The military lockdown on information about U.S. training of Ukrainian troops has been near absolute, with reporters blocked from access to American service members' work in Poland and even training efforts in the United States.
But on Tuesday, March 21, reporters were allowed to watch Ukrainian students set up and initialize an entire Patriot missile battery at Fort Sill, Oklahoma, part of a training program that was announced in January.
Army officials allowed no photos and no interviews with the Ukrainians. On this day, reporters were permitted only to interview U.S. Army officials and, except for only a few high-ranking officers, were required to list trainers as "senior officers" and "senior military trainers."
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The Army held the event on a windswept, rainy plain as a detachment of these Ukrainian missile defense trainees established a perimeter, wheeled in an AN/MPQ-53 radar, a command Engagement Control Station (ECS), a generator, and several boxy M901 and M903 missile launchers. In 45 minutes, they established a protective area of a little more a half-mile radius surrounding the site.
It was good set-up time, said a senior military trainer. "Doctrinally speaking, this should take longer, but ..." he snapped his finger for emphasis, "...they are on it."
It was their knowledge and background with the older Russian-made S-300 missile defense system that helped them use the American system, but there was an added edge, said one senior military official.
"I will tell you that there is a sense of realism that makes a sense of urgency," said another senior officer. "Not to say we don't have that all the time, but it's increased. You know that when they go in, they are under threat."
The sense of urgency fed both the trainees and their instructors. The effort started when 65 Ukrainian trainees arrived on Jan. 15, and training began two days later. Just a few days in and it became clear that, although most of the trainees spoke some English, the highly technical language of radars, missiles and doctrine meant that the two interpreters assigned would not be enough. A call was put out throughout the U.S. Army to bring Ukrainian and Russian speakers into the effort, and 18 very motivated language specialists showed up. It upped the tempo of the training.
"We were able to increase, increase, and increase the level of knowledge on the training, based on their capability, but also their desire, motivated by that existential threat they are facing. Our soldiers understand that as well," the senior official said.
The Ukrainians are combat tested on the S-300 system, a capable air defense weapon developed by the former Soviet Union and fielded by numerous Eastern Bloc countries. The trainees already understand basic and overlapping coverage and layers, and how to counter Russian cruise missiles, Unmanned Air Systems (or drones), and ballistic missiles. They had the S-300 system. They understand radar theory. They understand the physics involved in an engagement.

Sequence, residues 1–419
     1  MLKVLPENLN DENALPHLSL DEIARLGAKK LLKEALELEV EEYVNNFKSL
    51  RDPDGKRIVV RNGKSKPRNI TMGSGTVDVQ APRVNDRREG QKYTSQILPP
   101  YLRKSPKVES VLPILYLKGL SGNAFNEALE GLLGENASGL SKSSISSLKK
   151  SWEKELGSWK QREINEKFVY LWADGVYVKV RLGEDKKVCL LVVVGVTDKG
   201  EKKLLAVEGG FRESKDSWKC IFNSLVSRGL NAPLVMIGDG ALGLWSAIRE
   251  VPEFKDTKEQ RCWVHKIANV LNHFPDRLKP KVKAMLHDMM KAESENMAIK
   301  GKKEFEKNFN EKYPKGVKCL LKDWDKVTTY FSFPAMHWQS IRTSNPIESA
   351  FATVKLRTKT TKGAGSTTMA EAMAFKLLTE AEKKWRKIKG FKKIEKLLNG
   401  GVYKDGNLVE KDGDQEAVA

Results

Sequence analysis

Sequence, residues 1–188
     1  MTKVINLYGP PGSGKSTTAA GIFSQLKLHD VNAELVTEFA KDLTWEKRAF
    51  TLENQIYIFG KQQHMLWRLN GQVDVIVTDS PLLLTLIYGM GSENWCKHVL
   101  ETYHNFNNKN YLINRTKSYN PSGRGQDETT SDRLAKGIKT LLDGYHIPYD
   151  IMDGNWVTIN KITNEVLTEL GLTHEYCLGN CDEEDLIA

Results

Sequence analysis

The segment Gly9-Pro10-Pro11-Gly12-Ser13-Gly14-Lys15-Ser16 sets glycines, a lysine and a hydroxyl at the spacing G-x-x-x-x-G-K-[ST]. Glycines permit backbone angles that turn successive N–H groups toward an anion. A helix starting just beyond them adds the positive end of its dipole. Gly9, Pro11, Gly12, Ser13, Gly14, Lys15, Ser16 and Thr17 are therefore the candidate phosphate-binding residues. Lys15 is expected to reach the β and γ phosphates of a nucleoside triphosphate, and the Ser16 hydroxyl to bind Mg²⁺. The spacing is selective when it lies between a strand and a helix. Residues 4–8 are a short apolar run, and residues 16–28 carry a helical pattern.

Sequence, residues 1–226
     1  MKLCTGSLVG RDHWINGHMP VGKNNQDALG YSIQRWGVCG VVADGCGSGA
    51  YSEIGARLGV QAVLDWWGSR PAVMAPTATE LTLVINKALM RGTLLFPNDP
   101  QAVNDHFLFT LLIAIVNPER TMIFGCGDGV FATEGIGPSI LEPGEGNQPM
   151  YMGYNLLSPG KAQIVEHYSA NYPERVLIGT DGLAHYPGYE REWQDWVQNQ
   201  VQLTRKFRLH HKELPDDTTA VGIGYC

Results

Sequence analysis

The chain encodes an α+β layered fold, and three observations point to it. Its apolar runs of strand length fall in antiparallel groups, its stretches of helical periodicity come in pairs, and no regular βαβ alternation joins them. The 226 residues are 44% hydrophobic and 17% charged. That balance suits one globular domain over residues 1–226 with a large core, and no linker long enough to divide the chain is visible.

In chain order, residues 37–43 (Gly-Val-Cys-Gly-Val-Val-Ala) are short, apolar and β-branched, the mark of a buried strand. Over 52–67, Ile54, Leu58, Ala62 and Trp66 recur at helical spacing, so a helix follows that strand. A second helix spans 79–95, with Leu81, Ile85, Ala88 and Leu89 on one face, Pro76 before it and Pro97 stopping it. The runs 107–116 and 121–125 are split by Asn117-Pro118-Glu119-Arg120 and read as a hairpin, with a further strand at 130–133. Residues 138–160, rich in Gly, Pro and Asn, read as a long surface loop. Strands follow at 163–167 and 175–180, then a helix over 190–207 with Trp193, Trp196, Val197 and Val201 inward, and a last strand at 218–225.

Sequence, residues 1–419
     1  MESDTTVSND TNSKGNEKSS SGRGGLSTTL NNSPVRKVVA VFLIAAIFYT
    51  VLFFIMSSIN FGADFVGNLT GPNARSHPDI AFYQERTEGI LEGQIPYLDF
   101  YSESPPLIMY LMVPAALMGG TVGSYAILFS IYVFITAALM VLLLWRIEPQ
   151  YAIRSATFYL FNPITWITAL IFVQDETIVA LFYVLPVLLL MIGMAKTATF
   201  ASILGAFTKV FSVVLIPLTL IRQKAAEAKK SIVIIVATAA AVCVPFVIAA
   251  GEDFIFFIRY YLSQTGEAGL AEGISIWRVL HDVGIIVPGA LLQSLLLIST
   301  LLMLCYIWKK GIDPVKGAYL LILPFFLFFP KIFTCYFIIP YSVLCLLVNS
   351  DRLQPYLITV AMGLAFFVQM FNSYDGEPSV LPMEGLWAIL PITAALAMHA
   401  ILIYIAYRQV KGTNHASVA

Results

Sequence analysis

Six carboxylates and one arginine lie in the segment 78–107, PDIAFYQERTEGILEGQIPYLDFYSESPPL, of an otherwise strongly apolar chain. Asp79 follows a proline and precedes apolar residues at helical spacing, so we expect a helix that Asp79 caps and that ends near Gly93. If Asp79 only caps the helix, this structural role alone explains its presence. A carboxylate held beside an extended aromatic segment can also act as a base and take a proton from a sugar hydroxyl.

For that reason, the Army was able to train the Ukrainians on more advanced scenarios, ones that normally require a 30-week study time, the senior official said. But the Ukrainians got it all in 10 weeks.
The trainees were restricted to Fort Sill, like all foreign forces at the base, but were given complete access to amenities such as the bowling alley, the Shoppette, the PX and other on-base entertainment. The trainees also met regularly for off-time cookouts with their American trainers, engaging in cultural exchanges. During one, the trainees decided to give their trainers a taste of real Ukrainian borscht, a national soup made of beets. It's an acquired taste, said one senior trainer.
"They were asking for soup every day, so we made that happen," he said.
The Americans in turn treated the Ukrainians to key American traditions tied to meat over flame, which they took a liking to, he said.
"They were super into hamburgers and steaks. I guess a lot of them don't eat steaks like we do," he said.
These team-building exercises were important, he said, because they needed to build unit cohesion. While the Ukrainians were all from the same country, they were not from the same units and needed to develop that layer of trust with one another as well as the trainers.
The weight of what the Ukrainians are fighting for back in their home country was underscored as the anniversary of the start of the war, Feb. 24, 2022, passed during their stay at Fort Sill. The trainers and trainees gathered for an observance dinner.
They watched Ukrainian President Volodymyr Zelenskyy deliver his speech on the anniversary. He made statements about the Patriot system and the other military aid being given to Ukraine by the U.S.
The emotional moment connected with the trainees; many were in tears when Zelenskyy said at one point that everyone in the country has a contact in their cell phone they can no longer call. One woman, a trainee whose husband died in the bombing, was hit especially hard.
"They were saddened," the senior trainer said. "It broke the whole room. … They all have lost someone -- mothers, grandmas. Whole towns have been destroyed. Colleges have been destroyed."
With their graduation date approaching quickly -- the actual date is classified, the trainers said -- most expressed concern about their students, but also admiration for their knowledge and innate abilities.
"It's tough to watch them go forward," said Col. Martin O'Donnell, a spokesman for U.S. Army Europe and Africa, who worked often with Ukrainians through his position. "It's hard to be in the passenger seat. I deal with Ukrainians almost daily. … They've got a tough break, the Ukrainians."
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